5G also operates on multiple bands, allowing its signal to travel both long and short distances reliably. This is ideal for organizations that want to connect their neighboring offices with the main campus, while also providing service in smaller spaces like a hallway. For instance, businesses can use 5G across the low band to receive updates from a rural job site, while using the high band for ultra-fast speeds in the office.
Through a technique called MicroSlicing, organizations can assign cellular resources to certain applications, users, or logical groups. This essentially creates a rule setting the minimum performance requirements for a certain service. For example, healthcare facilities can ensure their ICU medical sensors always receive network priority through MicroSlicing. Slices can be configured right down to the exact latency and throughput requirements.
Solutions like Celona go a step further by integrating these requirements across the cellular, Wi-Fi, and wired networks. By utilizing a central management console, organizations don’t have to create duplicate service-level agreements (SLAs) and rule sets for each channel, making it easier to enforce company-wide performance benchmarks.
In the cellular world, device identification and authentication are handled through the SIM card rather than a network password. This single distinction makes enterprise 5G a more secure option by default and less of a target for bad actors. Many people are familiar with the SIM cards we insert into our new phones upon activation.
This same process is used in an enterprise 5G environment to manage cell phones, tablets, laptops, and sensors. Provisioning can even be performed remotely via eSIM, which uses a simple QR code to join devices to the network. Without a physical or digital SIM, the device cannot see or join the network.
5G encrypts uses 256-bit encryption by default, a big step up from the 128-bit standard used on 4G networks. The inherent security built into 5G makes it easier for companies to comply with standards such as HIPAA or PCI-DSS and segment their traffic reliability.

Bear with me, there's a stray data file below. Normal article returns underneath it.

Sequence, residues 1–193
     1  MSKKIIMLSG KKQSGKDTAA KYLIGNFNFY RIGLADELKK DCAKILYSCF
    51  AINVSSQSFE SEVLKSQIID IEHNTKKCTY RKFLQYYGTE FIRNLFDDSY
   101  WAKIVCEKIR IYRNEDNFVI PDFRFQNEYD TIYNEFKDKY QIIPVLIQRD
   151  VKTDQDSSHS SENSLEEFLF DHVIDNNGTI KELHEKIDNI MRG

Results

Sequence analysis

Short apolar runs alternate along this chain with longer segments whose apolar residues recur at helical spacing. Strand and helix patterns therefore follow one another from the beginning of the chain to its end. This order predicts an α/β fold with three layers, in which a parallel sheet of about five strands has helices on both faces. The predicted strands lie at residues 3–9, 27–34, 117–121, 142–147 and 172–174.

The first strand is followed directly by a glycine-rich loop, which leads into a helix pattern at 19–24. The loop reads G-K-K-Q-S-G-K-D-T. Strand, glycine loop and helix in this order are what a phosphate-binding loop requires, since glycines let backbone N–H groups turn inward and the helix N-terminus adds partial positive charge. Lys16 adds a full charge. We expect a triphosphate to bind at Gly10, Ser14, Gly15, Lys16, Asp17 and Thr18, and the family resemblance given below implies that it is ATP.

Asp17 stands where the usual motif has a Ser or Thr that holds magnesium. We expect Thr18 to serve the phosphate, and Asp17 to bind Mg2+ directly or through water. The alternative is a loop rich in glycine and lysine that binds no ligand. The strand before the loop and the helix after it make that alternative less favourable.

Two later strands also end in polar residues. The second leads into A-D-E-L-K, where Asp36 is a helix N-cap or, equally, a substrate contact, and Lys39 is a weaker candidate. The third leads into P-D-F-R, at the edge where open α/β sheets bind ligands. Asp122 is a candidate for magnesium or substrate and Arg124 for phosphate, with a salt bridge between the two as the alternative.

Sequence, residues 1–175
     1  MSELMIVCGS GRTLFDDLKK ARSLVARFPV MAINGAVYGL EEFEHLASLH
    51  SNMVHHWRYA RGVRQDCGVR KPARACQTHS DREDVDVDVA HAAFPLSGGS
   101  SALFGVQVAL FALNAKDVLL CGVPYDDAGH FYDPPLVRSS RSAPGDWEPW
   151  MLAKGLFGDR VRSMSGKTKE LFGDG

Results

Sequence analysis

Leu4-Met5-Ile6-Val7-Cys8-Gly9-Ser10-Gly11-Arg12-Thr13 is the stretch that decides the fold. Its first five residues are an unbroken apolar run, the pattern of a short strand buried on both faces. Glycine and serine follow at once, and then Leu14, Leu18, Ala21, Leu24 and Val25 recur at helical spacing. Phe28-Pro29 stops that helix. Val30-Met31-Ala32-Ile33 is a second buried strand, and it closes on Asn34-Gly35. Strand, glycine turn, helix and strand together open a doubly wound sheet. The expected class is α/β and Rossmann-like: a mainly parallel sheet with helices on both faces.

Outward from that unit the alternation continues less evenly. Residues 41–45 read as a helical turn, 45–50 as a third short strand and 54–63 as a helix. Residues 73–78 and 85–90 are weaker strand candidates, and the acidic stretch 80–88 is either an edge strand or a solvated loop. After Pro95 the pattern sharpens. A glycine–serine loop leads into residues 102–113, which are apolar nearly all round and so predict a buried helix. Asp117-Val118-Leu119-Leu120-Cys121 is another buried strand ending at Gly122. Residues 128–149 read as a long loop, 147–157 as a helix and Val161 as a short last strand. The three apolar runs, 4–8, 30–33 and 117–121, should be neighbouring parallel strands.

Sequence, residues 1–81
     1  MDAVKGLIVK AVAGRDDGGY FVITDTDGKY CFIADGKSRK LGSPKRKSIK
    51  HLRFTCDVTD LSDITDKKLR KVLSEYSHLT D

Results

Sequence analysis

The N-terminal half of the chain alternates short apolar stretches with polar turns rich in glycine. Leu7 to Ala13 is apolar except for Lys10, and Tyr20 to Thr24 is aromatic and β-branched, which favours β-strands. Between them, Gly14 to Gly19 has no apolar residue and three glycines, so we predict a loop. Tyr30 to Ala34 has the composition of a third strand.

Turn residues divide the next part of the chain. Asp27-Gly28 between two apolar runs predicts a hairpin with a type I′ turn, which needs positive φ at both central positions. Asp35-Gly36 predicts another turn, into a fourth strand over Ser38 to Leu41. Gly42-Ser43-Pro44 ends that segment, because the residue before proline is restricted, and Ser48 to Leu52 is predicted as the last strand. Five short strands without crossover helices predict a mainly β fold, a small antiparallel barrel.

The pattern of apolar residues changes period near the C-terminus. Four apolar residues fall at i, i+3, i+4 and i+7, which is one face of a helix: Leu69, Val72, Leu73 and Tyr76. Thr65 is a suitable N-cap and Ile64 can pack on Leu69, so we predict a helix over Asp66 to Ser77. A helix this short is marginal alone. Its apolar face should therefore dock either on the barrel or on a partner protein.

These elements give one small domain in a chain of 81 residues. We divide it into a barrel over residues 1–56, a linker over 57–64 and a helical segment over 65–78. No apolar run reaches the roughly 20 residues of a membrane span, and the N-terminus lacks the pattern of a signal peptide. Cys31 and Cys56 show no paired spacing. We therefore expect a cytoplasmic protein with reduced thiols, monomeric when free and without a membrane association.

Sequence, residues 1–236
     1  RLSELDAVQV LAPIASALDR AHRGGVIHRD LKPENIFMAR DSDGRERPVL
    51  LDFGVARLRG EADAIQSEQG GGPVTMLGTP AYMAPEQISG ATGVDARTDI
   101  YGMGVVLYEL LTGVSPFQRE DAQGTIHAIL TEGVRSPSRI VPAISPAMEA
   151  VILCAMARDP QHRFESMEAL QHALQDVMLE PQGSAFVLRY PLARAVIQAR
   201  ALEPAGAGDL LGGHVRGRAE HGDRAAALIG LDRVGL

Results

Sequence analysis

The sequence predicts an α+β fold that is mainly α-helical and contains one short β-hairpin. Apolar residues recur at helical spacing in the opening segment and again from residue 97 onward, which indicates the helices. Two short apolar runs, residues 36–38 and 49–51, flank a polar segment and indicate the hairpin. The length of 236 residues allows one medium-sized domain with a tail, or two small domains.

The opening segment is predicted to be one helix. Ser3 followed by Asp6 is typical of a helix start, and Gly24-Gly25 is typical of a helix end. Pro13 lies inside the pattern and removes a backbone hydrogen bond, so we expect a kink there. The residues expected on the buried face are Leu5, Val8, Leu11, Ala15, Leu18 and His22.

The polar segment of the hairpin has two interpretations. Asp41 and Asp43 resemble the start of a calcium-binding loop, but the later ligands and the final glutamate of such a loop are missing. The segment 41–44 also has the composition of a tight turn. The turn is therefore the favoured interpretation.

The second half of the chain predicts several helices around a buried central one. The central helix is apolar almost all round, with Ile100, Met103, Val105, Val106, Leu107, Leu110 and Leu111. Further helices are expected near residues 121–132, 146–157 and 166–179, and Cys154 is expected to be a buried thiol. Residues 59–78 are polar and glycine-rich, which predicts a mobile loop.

While 5G chipsets are slightly more expensive when compared to Wi-FI cards, the increased range and capacity of 5G requires less infrastructure to cover the same amount of space. This means less hardware, maintenance, and management for the same amount of coverage.
Advancements in plug-and-play cellular technology have lowered the barrier to entry, allowing the enterprise to regain its control and save money over time by managing it internally. This control also eliminates carrier fees, sudden rate increases, and overage charges typically found in commercial cellular networks.
How Does Enterprise 5G Work?
Organizations first start by purchasing space on the CBRS spectrum. This can be done through either a CBRS auction or a secondhand marketplace. Using a Priority Access License (PAL) ensures a specific range of the cellular spectrum is available on a county-by-county basis. Alternatively, the unlicensed General Authorized Access (GAA) tier is available, but it must accept interference from those with a PAL.
Next, businesses choose the hardware to best suit their needs. While this will vary depending on the size and requirements for the network, many organizations use a mix of indoor and outdoor access points for coverage. Cellular infrastructure looks similar to the hardware found in Wi-Fi networks, allowing them to be installed easily. Solutions like Celona use the existing IT infrastructure to quickly set up access points without having to run cables or interrupt business operations.